As I worked on anĀ amazing paper for my Dance History and Contemporary Views class – which, for the record, I am only auditing since I got an A in my more historically focused dance history course back in 2012, I was brought to my 2012-2014 dance journal.

I am a big believer in dance journals. I don’t like writing in regular journals. I’m getting my BA in English, I’m working on novel number 2 (for which I have 160,000 words of material…that’s like two whole novels, guys), and I don’t want to have to come home and write about my day. A life journal is too daunting. There’s so much to think about: school, family, dance, boys…the weather…money…

But I do always have a dance journal, and I try to write in it at least a few times a month. I always make sure to write immediately after performances, during intensives, after shows, just so that I don’t forget what my concerns are and what little triumphs I’ve had. I write about what’s giving me trouble, and what little moments of hope I have. I write about how my body feels and how my brain feels, and I take down imagery that I found useful from class. It’s very useful.

My ADF journal from 2014 is particularly fleshed out. There were a few days toward the end when my knee kept…like, twerking. So, while I had been writing at least twice a week for the duration of my east coast dance adventure, I had a few days worth of notes where I was able to take down notes and quotations right as my teacher said them, because I was sitting at the back of class, watching and writing.

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I’m the blond not looking at the camera near the barre

Jesse Zaritt’s Gaga/contemporary class changed my life and my outlook on dance and movement in general. As I read through my notes, I am flooded with the memory of being in that not-airconditioned, humid-as-hell, 100 degree room. We all sweat through everything, so I usually wore leggings lest I slip in my knee sweat during the floor work. You quickly got used to being involved in everyone’s sweat experience.

So, in this sweaty, sweaty room, with no mirrors and fans that just blew more hot air on us, Zaritt would yell at us, in an impassioned voice over the live music coming from the front corner.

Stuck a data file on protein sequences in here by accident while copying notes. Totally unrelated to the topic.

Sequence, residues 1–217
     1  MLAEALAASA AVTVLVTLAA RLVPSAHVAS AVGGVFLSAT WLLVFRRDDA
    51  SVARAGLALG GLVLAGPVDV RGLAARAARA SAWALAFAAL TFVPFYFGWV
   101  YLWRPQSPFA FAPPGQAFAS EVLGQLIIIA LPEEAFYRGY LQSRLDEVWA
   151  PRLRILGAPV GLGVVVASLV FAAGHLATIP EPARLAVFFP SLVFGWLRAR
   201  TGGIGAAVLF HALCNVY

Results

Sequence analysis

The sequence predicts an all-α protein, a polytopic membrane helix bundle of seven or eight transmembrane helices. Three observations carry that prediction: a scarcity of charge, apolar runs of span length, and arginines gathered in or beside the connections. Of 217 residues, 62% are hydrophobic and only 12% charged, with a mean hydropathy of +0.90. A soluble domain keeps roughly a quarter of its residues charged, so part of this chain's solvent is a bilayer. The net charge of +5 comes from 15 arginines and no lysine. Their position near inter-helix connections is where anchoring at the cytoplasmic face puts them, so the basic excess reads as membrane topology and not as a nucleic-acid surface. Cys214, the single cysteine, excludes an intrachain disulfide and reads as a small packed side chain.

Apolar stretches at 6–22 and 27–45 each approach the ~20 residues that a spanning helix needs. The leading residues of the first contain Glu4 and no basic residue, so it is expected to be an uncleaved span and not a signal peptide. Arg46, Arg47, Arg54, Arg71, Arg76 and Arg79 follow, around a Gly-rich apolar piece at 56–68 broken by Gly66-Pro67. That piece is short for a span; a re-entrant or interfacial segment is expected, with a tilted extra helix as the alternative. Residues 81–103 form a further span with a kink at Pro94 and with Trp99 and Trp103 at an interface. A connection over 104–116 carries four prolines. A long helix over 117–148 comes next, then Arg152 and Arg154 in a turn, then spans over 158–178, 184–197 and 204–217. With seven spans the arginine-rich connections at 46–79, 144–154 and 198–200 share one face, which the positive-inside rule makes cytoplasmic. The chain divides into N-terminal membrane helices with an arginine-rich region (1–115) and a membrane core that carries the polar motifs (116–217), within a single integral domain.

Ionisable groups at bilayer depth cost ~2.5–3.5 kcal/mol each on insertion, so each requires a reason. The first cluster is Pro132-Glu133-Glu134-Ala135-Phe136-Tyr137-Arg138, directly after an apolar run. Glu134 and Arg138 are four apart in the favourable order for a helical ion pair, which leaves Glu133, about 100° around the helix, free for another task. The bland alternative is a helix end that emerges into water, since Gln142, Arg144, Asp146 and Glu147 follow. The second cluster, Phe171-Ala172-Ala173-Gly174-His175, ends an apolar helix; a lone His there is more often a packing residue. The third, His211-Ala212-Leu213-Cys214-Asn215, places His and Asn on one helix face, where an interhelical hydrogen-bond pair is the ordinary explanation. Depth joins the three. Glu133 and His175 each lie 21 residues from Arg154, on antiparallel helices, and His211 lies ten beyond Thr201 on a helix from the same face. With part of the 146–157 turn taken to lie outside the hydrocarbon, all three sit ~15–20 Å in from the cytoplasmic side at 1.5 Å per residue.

CREATE A NEW SET OF HABITS THAT MAKE A MORE VIVID EXPERIENCE

Stop just doing what you’re used to doing when you dance and when you improv. Stop being comfortable. Allow your brain to create new pathways, new habits.

CAUTION AGAINST KNOWING WHAT IT LOOKS OR FEELS LIKE BEFORE YOU DO IT

Unlike the majority of our training, stop trying to make a shape. Stop trying to feel like a dainty fairy feather. Allow yourself to experience something new while you’re moving.

I HAVE ACCESS TO MY WEIGHT, AND I CAN MAKE CHOICES ABOUT AVAILABLE EFFORT

This reminds me of what Michael Schumacher said this summer about allowing your body to be weighted, and that the weight accomplishes the movement. Oddly enough, Zaritt often works with Mark Haim, who is good friends with Schumacher.

MY BODY CAN NEGOTIATE THE COMPLEXITY OF TIME AND SPACE AND HISTORY. WHAT THE FUCK DO I WANT TO DO ABOUT THAT?

As dancers, we are so crazy talented or skilled or whatever! To move through the dimensions, to spatially reason when and how to travel or give power to our limbs, to forget about what we were or are and just be in time and space. Isn’t all that negotiation, which takes place unconsciously, pretty fucking crazy? Bodies are amazing!

I WANT TO HAVE A VIVID RELATIONSHIP WITH THE WORLD THROUGH MY BODY

This has become the thesis of my life. There’s a lot more to it and behind it, and I’ll explore more Gaga quotes in other posts, but I can’t not include this Zaritt quotation.

This is how I want to live my life. I want to experience the world through the physicality of dance. I want to move through various textures and across various surfaces and through atmospheres that I don’t know or understand. I want to feel things because my body and my brain allow me to. This can be simple as walking to the co-op on a crisp fall day or having an existential experience in a Gaga class. Dance is so powerful, and if we let ourselves stop trying so hard to be something, we open the door to new experiences and possibilities.

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